To help museums share thinking as they navigate the challenges and uncertainties of the COVID-19 pandemic, the Alliance is compiling examples of reopening plans from individual institutions. These plans are specific to each museum’s circumstances and are not meant to be definitive guidance for developing your own. Instead, they provide a reference for what other museums are considering as they chart a course toward safely reopening.
- Baxter Springs Heritage Center and Kansas Route 66 Visitors Center
- Boone County History & Culture Center
- Children’s Museum of Manhattan
- Clinton County History Center
- Discovery Park of America
- Everhart Museum
- Government guidance to museums in Michoacán, México (in Spanish/en español)
- Imperial Valley Desert Museum
- Japanese Friendship Garden Society of San Diego
- John Geraldine Lilley Museum of Art
- Patuxent River Naval Air Museum Covid-19 Virus Response Plan
- Texas Historical Commission
Check the Alliance’s reopening guide frequently for updates, as we will be adding new examples as we receive them. If you have a plan or perspective on reopening you’d be interested in sharing with the broader museum field, please contact email@example.com.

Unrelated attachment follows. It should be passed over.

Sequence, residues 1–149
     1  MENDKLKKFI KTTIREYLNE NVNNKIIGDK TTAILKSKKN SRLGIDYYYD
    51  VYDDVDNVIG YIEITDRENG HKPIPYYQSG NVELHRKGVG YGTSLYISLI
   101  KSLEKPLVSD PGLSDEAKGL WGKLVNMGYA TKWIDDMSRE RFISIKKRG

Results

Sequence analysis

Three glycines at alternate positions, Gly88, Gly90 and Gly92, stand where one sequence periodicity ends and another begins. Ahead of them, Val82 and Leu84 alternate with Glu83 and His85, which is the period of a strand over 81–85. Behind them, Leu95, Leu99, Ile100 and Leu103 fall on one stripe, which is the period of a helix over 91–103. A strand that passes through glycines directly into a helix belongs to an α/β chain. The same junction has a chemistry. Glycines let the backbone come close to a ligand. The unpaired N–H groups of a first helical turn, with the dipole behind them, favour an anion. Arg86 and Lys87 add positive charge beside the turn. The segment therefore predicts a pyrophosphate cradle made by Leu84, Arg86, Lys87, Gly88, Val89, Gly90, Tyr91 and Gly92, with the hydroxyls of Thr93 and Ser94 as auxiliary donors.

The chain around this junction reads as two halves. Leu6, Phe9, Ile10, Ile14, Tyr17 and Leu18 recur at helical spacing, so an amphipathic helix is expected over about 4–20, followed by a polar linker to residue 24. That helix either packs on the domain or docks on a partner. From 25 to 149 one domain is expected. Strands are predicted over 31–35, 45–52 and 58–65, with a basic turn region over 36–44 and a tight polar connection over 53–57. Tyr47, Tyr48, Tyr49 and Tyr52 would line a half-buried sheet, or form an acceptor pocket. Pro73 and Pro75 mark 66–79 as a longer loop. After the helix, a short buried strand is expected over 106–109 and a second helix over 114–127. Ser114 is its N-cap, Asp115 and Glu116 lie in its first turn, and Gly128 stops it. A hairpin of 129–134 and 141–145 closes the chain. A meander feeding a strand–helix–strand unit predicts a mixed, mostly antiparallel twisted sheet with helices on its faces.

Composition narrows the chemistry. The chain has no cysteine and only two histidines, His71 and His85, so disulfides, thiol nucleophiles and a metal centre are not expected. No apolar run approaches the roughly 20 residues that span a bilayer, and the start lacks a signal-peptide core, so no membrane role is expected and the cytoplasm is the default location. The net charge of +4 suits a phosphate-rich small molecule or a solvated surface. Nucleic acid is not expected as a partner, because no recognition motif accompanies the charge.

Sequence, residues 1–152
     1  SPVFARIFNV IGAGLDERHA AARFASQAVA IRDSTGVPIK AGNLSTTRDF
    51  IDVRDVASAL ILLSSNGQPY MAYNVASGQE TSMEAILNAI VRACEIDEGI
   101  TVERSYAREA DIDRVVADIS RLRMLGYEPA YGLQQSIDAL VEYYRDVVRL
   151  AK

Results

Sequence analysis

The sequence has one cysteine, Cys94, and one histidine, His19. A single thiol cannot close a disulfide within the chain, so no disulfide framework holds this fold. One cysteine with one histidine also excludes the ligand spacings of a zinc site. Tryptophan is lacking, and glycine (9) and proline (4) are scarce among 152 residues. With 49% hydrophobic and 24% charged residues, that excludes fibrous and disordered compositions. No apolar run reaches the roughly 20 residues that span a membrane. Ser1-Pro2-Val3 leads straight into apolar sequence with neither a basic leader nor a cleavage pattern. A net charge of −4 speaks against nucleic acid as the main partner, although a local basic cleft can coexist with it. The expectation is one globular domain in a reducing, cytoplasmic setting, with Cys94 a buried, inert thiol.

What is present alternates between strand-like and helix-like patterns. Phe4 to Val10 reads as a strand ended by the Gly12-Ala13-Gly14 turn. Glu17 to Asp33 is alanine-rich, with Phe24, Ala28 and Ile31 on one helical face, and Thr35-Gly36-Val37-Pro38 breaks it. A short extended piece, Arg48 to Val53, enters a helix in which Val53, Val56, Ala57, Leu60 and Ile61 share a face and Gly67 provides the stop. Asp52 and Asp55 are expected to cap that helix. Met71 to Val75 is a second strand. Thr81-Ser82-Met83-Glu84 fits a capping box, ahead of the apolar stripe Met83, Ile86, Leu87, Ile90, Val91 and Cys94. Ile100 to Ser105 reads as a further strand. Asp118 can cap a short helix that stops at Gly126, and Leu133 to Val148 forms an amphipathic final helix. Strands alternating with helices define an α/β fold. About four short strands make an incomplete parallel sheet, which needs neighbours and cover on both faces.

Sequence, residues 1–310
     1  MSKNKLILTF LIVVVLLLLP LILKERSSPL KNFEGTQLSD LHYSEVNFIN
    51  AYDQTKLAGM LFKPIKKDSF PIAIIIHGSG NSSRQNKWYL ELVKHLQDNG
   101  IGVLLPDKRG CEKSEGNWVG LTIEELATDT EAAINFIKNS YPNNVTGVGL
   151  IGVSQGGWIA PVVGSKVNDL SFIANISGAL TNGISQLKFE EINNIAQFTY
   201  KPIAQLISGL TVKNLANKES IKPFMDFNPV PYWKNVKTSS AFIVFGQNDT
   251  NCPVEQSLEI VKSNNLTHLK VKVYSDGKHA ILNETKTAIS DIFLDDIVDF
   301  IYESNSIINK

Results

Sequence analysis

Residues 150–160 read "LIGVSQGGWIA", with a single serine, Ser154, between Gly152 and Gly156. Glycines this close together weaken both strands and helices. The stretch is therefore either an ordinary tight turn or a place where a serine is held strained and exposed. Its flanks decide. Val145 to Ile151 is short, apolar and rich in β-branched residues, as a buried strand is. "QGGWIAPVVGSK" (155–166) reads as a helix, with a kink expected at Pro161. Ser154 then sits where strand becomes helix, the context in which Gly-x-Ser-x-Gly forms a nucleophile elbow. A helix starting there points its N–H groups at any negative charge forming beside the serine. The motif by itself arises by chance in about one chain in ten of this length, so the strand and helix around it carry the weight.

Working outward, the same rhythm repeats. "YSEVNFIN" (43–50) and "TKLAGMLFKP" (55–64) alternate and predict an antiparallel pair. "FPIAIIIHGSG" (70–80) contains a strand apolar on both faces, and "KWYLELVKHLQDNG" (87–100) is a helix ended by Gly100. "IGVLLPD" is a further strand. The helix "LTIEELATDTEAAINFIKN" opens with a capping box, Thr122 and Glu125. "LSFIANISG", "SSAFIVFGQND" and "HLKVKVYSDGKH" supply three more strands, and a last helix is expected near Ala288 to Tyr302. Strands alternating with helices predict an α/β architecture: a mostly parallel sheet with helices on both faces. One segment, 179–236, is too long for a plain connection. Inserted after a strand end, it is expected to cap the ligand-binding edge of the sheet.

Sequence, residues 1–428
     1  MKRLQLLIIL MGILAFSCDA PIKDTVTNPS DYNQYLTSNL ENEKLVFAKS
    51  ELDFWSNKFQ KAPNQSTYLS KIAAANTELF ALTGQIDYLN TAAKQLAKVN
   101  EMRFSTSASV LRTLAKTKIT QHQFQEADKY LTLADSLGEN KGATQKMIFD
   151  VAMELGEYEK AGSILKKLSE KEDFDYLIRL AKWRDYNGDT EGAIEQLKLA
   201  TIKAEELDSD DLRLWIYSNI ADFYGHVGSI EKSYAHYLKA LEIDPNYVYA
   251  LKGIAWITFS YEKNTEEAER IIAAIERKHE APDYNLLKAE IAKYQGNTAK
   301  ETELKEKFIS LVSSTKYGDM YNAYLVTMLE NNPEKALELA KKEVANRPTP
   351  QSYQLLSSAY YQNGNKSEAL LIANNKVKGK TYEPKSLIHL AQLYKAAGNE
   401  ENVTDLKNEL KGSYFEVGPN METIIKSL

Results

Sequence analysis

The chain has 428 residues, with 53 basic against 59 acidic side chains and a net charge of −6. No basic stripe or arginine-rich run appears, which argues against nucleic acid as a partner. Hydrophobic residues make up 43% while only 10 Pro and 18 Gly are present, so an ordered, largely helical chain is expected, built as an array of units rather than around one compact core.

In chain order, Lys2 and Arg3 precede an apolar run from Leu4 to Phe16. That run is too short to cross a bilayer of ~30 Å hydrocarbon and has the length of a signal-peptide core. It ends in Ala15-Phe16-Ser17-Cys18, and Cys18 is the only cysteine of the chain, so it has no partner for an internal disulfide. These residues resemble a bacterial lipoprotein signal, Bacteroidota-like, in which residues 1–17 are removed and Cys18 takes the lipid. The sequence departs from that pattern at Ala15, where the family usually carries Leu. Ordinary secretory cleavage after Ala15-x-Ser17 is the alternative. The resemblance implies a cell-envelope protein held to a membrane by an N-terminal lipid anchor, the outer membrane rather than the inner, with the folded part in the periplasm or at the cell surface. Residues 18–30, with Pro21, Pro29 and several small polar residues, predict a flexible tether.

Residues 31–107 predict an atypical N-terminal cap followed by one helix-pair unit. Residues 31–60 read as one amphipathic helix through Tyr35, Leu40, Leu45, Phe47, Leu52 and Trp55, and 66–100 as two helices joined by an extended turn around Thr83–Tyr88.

Help other museums by sharing your plans and stories
- The Alliance shares:
- Earning Income from Education Programs during COVID-19
- Why We’re Staying Closed
- How to Get Ready to Open the Doors
- Diary of a Museum Reopening
- Lessons Learned from SARS: How Museums Emerge After Crisis
- Purchase the updated Reopening Starter Kit for Museums
- Restarting Teams to Restart Museums
- Security and Operational Priorities for Reopening Cultural Institutions
- Tips for Maintaining Accessibility During and After COVID-19
- What Will Become of Interactive Art When Museums Reopen?
- AASLH is sharing a lot of useful content in blog posts and recorded webinar format:
- So Much Trouble in the World (blog)
- AASLH Conversations: Guidelines and Procedures for Reopening Your Historic Site (recorded webinar)
- AASLH Conversations: Planning for Reopening (recorded webinar)
- The American Camp Association has released a detailed guide to reopening, as well as sharing the CDC’s helpful decision tree to make decisions about reopening camps this summer.
- The American Library Association (ALA) has a set of useful resources, including a checklist, for reopening on its website.